I can’t resist concluding this column with some kernels of consumption advice accumulated by the prominent scholars Elizabeth W. Dunn, Daniel T. Gilbert and Timothy D. Wilson. Surveying the vast literature of happiness research, they suggest: Buy experiences instead of things; buy many small pleasures instead of a few big ones; pay now for things you can look forward to and enjoy later.
I’m on board. There are a lot of things that could be said in response to this, so here’s just one… Many of us in the “we buy too much crap that doesn’t make us happy camp” are also likely to look favorably on the behavioral science types who shed light on just how we get sold said stuff. When you walk through a mall, you’re not just making purchasing choices in a vacuum. You’re being led along a journey that has been very specifically designed by experts whose goal is to make you spend money. Exits are out of view, cookie smell is piped in, whatever it is. The same general theme can be seen in advertising. A lot of money is spent enlisting very smart people to design very sophisticated plans to get you to buy stuff that is unlikely to make you happier.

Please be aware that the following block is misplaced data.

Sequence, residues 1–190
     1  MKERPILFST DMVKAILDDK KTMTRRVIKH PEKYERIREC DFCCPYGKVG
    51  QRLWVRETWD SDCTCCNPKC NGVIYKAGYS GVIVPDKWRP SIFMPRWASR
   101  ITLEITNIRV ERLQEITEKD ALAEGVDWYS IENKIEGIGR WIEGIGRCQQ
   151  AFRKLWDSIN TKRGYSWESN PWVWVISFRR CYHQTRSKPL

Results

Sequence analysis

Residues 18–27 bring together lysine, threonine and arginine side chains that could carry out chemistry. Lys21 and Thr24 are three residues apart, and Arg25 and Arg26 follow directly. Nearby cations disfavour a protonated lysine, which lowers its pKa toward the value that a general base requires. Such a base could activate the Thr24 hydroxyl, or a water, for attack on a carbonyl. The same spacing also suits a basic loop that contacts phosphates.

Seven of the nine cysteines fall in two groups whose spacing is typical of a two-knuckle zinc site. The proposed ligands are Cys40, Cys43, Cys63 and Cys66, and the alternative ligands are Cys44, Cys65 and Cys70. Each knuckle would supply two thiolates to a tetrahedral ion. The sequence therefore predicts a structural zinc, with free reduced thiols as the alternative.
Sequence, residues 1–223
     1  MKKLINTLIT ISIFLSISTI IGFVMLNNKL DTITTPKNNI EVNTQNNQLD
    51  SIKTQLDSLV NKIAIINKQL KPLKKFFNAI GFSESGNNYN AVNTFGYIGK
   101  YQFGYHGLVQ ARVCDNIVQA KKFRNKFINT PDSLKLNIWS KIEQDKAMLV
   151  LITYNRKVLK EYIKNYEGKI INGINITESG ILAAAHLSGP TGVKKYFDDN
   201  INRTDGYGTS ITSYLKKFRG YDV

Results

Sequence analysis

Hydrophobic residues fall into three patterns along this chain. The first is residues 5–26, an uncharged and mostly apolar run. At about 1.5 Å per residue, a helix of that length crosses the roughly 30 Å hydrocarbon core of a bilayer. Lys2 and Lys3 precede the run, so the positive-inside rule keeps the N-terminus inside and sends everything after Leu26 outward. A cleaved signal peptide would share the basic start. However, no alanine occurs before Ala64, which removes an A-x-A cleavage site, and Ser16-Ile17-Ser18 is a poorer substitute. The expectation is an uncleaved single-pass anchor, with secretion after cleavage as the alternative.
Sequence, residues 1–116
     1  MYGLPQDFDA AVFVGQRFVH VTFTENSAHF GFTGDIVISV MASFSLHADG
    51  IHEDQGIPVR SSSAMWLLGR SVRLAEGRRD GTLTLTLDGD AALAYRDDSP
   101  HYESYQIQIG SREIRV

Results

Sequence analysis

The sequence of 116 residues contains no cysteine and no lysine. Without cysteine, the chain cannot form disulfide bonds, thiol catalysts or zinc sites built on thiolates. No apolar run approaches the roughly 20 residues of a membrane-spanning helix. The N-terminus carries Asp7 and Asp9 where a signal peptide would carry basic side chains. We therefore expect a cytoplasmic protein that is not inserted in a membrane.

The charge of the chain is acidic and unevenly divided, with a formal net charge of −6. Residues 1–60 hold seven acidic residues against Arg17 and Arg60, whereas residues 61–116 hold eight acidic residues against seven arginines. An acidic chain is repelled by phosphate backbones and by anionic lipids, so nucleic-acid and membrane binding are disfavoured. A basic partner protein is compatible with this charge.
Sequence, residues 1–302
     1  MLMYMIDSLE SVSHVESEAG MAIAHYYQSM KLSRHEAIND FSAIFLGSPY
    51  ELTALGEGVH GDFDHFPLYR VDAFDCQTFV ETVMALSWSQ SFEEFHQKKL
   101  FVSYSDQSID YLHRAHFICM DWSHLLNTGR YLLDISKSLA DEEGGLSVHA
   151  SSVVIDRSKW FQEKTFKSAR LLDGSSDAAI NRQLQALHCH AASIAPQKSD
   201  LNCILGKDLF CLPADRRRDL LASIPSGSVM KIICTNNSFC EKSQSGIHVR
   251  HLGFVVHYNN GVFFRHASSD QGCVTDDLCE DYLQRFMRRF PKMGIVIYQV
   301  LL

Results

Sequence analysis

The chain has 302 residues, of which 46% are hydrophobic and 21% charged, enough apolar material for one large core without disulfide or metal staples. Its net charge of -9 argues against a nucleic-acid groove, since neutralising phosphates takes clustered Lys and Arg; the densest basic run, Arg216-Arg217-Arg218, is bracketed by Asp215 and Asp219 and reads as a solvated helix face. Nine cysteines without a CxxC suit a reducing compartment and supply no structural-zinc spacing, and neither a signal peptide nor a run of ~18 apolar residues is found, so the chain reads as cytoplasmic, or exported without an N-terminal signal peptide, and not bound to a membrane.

So here’s my question: how should we think about efforts to get you to buy stuff that will make you happier? Should we view advertising for travel agents more favorably than we do advertising for McDonalds? Should we look for ways to raise the $ spent on promoting the purchase of experiences relative to $ spent on promoting the purchase of things?